At the end of September, plants at the front of the Heritage Hub (near the new entrance) were purchased and planted, again by volunteers. This was generously funded by the Friends of Gloucestershire Archives and this front border now looks amazing. This area will be added to using plants from staff and volunteers, including (hopefully!) a cutting from the hydrangea saved from outside the old Gloucestershire Family History office when their building was demolished last year.
So – what’s next for the garden?
At the time of writing, we still have a few things to do in the garden. We are going to dig a pond which will be an attractive addition to the space for different forms of wildlife. We are also going to put some hoggin in some of it to make it more wheelchair and pushchair friendly.
It’s been a great project that is still definitely work in progress. Further updates to follow!
The Heritage Hub Garden Party
The sun was shining, the flowers looked beautiful, and there was music, dancing and cake. What more could we ask for? Staff ran tours of the new Heritage Hub and strong rooms, there were talks, displays in various parts of the building including in the garden, a Civil War Surgeon and a performance about camping.
The weather was gorgeous with the sun shining all day long. Everyone enjoyed the garden which looked wonderful.
There was singing and dancing.
John Putley, the Archives’ resident Civil War Surgeon, offering his surgery skills and showing off his wares.
There were talks, displays and lots of mingling and meeting old friends.
A performance by The Velcro Collective (photos by Jack Offord)
And our final event of the day was a hats off to Beards for completing the build. Thank you Beards.
In the Spring of this year, we submitted a case study to ARA (the Archives & Records Association), on how we have grown the number of people volunteering for us, and the ways in which we recruit and support them, and how we see this as part of our community outreach and development plan. We’re delighted to report that our case study has won the ARA’s nationwide Volunteering Award 2019. Officials from Scotland and Ireland are travelling to Gloucester to present the award and join in the celebrations.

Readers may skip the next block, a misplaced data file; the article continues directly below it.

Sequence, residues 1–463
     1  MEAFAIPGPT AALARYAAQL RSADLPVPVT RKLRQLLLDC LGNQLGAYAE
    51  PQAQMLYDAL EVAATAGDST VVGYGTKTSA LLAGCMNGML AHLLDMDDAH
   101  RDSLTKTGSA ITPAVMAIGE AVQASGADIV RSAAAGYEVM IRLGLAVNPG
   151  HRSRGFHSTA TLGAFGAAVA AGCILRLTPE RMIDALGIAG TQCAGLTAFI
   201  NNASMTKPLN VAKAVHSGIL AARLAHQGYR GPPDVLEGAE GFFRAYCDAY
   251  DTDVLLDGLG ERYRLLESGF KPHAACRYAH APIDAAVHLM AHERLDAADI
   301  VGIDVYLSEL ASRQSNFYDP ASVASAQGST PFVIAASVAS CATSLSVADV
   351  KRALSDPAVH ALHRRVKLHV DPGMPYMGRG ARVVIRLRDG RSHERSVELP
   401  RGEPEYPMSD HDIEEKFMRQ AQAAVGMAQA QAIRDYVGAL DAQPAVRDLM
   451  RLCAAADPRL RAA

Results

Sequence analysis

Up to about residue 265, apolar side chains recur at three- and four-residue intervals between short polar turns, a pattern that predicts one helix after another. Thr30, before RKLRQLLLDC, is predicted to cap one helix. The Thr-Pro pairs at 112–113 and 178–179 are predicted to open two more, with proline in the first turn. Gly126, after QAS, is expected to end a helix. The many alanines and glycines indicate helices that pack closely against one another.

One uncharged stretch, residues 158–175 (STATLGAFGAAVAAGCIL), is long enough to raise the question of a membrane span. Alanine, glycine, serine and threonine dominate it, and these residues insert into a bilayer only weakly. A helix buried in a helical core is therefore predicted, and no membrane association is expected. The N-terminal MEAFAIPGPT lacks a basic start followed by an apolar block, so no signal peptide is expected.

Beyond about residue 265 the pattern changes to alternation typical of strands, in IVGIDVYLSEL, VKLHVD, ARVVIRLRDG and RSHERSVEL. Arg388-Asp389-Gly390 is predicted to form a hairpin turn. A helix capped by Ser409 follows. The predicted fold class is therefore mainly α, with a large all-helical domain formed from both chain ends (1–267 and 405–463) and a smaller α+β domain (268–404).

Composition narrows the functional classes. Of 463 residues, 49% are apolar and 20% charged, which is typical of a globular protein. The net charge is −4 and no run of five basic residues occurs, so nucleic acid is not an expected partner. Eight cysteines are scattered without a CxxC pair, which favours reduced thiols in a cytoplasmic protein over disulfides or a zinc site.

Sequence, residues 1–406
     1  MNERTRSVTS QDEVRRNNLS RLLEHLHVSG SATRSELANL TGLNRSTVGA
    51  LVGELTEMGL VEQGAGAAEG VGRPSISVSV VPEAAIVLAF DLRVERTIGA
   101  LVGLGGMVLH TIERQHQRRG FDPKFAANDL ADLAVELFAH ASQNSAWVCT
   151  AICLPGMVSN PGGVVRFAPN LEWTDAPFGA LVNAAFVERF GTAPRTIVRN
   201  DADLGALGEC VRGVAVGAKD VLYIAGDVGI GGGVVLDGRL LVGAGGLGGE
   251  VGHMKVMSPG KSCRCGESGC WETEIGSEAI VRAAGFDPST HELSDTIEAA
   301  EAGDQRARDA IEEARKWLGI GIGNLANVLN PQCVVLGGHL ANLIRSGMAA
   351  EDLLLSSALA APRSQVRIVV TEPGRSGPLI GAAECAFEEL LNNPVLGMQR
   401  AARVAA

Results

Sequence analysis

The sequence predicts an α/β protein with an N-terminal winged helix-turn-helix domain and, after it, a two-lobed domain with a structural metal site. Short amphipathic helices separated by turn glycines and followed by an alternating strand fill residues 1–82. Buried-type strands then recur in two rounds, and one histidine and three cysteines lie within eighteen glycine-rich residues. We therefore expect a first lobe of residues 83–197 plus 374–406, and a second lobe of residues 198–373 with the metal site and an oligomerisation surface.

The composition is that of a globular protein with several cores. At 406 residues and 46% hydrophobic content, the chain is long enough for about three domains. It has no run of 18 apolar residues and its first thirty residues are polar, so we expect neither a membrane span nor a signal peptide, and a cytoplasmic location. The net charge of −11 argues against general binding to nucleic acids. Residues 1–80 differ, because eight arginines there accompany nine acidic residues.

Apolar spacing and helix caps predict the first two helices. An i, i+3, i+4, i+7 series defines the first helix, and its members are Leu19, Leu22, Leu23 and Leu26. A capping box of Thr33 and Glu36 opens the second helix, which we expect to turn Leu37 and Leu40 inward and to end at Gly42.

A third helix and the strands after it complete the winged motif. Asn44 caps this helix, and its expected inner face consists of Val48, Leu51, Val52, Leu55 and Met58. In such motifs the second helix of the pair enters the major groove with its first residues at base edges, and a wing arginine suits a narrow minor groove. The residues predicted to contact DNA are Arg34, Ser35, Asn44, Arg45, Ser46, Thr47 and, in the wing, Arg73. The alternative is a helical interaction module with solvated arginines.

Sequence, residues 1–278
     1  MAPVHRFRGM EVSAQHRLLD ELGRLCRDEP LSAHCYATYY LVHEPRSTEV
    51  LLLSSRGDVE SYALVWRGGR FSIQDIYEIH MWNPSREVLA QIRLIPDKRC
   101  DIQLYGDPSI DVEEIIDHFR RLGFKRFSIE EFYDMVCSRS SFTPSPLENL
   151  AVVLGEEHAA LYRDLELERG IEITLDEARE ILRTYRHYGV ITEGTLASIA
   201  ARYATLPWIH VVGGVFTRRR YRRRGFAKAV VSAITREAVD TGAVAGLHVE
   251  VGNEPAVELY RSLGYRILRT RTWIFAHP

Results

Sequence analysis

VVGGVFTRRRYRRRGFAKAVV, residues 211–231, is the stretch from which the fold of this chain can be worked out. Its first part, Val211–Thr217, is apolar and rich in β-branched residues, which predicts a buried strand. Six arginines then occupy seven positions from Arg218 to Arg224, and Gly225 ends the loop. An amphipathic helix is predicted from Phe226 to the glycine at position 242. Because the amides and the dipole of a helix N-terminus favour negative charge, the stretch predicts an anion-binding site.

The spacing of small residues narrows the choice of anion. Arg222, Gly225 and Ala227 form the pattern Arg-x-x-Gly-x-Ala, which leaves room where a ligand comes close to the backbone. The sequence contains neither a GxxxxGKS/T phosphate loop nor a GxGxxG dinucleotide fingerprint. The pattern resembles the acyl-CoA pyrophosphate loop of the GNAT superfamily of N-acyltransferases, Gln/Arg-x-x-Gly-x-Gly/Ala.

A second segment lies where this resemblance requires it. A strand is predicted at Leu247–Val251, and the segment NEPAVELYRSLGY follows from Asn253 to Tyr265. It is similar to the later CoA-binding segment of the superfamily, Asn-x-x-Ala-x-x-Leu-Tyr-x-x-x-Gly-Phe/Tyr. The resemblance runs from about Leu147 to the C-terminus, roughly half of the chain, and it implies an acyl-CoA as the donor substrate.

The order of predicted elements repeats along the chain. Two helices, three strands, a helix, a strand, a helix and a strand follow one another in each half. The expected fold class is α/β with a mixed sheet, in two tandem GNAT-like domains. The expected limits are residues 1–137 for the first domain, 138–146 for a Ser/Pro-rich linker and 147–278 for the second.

At any one time, we have between 160 to 190 volunteers; this figure contracts and expands as we take on new volunteers and existing volunteers move into full time work or education, volunteer elsewhere or simply move away. This is very clearly an award for everyone of our volunteers, past and present so thank you very much to you all.
We actively recruit volunteers for specific roles and projects, and use social media to do this – through information on our web pages, through the “Engage in Gloucester” web portal, and through Twitter and Facebook campaigns. We are keen to increase participation by those from groups who may not traditionally come forward; younger adults, people from minority ethnic communities, people unemployed or homeless and those with long-term conditions, including mental health issues and physical and learning disabilities. This is nothing new, and other museums, libraries and archives services also target these groups; we now have lots of national data and qualitative evidence that volunteering helps people feel better about themselves. This evidence shone through in the results of our 2019 Volunteer Survey (for highlights, please go to the volunteering page at www.gloucestershire.gov.uk/archives).
ARA will be presenting the Volunteering Award on Friday 15th November, between 2.30pm – 4.30pm, at Llanthony Secunda Priory. There will be tea and cake, and a tour of the priory site. We have decided to close the Heritage Hub that afternoon, so that all staff and volunteers can be present. We’re keen that all our volunteers join the celebrations if you wish to do so.